Dr.Neil Gunther brought out clearly in a series of articles in his blog on importance of Stretch Factor(R/S) along with OS-run queue& CPU Utilization.
Infact there was surprisingly very similar attempts/approaches (there is a book written from another gentleman Dr Leonid Grinshpan on queueing theory mentioned elsewhere caught my recent attention. All this is good and reinforces the concepts clearly in my mind.
But i do find Dr Neil Gunther's blog articles very clear to the point ( Being a mathematician and done some thesis work on Probability i am usually very sharp/quick to catch anything on queuing theory with math involved along with my technical background on Telecom and Database systems)
For a performance resultant following checklist of items may be useful:
Whenever your scalability/perf test workloads clearly stretch some of the resources in your setup viz CPU and/or disk storage so that the
Stretch factor (R/S ) goes way more than acceptable SLA values it is time to stop and think a little on following lines:
i) Just a very quick check of the Hardware/Software setup to spot low hanging fruits ( This need not be too invasive and some of the things like centralized storage( NAS/filer storage if you are using) may be beyond your reach along with your server internal bus bandwidth etc. All you can do is to document what you see briefly and move on. i.e Is it a single headed NAS with a NVRAM write cache ON?, how many LUNs you had used, How were the LUNs carved out of the filesystem at filer end etc.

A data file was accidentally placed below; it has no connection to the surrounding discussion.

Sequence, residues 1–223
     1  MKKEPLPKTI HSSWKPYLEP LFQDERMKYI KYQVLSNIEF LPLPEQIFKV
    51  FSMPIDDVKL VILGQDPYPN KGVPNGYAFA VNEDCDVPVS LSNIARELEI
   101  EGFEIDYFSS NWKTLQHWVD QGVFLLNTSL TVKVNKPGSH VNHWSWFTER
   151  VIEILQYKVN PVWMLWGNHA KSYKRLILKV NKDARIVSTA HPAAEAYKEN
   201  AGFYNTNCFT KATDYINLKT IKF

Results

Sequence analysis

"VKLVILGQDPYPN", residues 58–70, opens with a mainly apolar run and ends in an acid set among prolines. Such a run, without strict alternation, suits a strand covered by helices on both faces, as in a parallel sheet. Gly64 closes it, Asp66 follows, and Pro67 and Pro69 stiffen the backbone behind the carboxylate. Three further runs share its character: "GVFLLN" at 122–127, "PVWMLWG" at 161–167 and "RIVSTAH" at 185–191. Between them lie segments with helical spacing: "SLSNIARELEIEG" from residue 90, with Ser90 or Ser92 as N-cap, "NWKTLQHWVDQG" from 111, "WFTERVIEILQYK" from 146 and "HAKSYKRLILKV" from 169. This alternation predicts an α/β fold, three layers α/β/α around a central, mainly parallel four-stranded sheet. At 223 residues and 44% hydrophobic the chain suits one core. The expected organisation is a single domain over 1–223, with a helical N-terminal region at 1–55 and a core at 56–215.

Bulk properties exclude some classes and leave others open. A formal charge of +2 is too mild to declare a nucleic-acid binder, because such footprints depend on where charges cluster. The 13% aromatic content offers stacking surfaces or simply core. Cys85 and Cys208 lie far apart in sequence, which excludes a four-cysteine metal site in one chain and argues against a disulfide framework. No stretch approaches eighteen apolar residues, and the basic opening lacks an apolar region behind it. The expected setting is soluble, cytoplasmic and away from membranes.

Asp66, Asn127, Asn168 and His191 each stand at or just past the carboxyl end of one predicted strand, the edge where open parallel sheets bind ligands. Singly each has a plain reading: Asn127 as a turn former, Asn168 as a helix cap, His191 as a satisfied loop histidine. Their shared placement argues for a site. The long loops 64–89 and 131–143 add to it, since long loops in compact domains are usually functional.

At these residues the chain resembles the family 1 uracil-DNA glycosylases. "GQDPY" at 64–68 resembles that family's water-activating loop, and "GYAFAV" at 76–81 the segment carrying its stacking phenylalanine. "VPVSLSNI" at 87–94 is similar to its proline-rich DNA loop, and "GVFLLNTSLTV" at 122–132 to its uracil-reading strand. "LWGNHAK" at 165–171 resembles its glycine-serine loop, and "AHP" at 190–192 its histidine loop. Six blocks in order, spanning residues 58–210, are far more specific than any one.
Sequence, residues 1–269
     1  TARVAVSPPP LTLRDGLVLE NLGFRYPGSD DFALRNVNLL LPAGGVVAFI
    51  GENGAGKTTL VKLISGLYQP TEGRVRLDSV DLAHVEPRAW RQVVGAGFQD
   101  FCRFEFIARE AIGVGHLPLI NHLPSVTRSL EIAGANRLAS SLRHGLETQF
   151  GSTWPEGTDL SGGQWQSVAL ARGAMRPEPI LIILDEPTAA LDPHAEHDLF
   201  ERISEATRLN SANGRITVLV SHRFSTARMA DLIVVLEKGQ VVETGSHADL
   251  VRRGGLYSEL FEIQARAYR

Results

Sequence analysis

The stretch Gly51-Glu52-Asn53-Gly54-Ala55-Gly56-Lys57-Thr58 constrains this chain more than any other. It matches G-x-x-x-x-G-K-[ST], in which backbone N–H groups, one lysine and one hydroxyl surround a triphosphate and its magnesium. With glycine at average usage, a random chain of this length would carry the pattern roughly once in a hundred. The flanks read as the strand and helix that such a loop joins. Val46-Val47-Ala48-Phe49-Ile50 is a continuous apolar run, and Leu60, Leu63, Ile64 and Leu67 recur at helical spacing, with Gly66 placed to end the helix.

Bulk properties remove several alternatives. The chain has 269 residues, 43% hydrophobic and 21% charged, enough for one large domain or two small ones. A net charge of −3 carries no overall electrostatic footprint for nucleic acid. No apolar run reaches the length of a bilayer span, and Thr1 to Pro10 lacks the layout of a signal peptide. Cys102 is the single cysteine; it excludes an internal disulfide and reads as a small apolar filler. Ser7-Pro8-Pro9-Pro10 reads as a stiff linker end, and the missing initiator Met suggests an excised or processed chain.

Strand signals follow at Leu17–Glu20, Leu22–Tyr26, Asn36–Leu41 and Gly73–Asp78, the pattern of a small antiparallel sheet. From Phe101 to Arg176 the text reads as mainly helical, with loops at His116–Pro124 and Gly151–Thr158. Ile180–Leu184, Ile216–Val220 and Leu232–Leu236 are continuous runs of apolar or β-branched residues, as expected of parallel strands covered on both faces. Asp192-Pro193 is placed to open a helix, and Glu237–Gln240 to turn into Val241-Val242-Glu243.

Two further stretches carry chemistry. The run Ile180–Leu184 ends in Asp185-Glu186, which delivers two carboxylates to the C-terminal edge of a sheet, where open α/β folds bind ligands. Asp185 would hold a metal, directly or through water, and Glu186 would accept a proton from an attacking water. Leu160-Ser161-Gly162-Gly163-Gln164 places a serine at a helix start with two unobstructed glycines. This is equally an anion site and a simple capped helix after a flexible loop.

If you dont have clues/answers do not worry and move on. You can always understand that storage with latest trends should behave like reading of the memory with the limitation of network topology (software/hardware adaptors/HBA, NIC and mode of transport/congestion etc) to the storage. Ofcourse db workloads are little tricky as some of them have subtle dependencies as storage , more on that later.
Also do not worry if the Stretch Factor (R/S ) is too great than to account only from a single queued resource. This would only point that in addition to that resource there is another resource or network traffic congestion coming into play here. This is where you can get to understand either you can add up another stages in your model of your transaction.
ii) Having done a quick check of the CPU subsystem, Network, Storage and Memory related you have to consider carefully the modelled application workload to ensure any part of it can be safely turned off ( Ideally you would like to have not more than 2 transaction types
mixed). Tuning the unnecessary application workload parts viz bugs in software causing extra burden on resources is the most beneficial and which you can work with development. This would mean avoiding some fired sql/plsql units,network roundtrips,meta sqls in transactions would bring greater advantage.
iii) A very important side effect if CPUs in one of your servers get stretched beyond its knee ( For M/M/2 it is roughly 0.65 or 65%, M/M/4 it is 0.8 ( i need to reverify as i am writing these quickly off my head the values) is to understand if at some point the OS/kernel took off your appl or backend/db usually off the CPU for a brief period when it is operating way beyond the knee cpu resource utilization. You can spot this easily with any decently sampled OS monitor tools. For eg: i have seen linux kernels sometimes when sustained >80% of cpu usage take off the appl/db from cpu.This is usually a bug in OS kernel.
Overall you want to be on CPU always to be winning.